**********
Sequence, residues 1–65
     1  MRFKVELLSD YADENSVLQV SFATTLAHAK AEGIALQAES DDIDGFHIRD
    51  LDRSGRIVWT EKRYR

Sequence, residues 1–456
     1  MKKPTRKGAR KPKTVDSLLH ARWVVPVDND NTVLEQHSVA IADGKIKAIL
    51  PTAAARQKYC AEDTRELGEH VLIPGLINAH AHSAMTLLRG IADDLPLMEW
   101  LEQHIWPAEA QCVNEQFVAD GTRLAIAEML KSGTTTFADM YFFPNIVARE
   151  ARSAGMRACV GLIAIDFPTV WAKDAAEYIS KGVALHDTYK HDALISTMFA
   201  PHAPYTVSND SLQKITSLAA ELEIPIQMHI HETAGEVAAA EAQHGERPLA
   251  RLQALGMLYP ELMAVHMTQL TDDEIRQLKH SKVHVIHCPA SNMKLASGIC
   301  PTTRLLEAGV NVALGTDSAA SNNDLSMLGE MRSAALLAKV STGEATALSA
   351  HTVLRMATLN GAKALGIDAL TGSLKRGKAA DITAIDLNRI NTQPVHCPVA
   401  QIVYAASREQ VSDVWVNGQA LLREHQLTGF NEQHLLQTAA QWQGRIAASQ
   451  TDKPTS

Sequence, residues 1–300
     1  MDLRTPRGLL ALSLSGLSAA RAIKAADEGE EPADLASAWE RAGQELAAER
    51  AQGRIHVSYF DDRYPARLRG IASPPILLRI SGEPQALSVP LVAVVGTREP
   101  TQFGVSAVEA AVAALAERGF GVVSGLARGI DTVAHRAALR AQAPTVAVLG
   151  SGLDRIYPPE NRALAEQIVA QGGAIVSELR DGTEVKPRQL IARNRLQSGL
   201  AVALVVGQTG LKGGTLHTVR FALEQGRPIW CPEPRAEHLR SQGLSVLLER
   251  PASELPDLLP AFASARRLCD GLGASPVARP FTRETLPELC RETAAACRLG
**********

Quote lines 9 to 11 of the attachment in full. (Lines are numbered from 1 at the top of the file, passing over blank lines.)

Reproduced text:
   201  PHAPYTVSND SLQKITSLAA ELEIPIQMHI HETAGEVAAA EAQHGERPLA
   251  RLQALGMLYP ELMAVHMTQL TDDEIRQLKH SKVHVIHCPA SNMKLASGIC
   301  PTTRLLEAGV NVALGTDSAA SNNDLSMLGE MRSAALLAKV STGEATALSA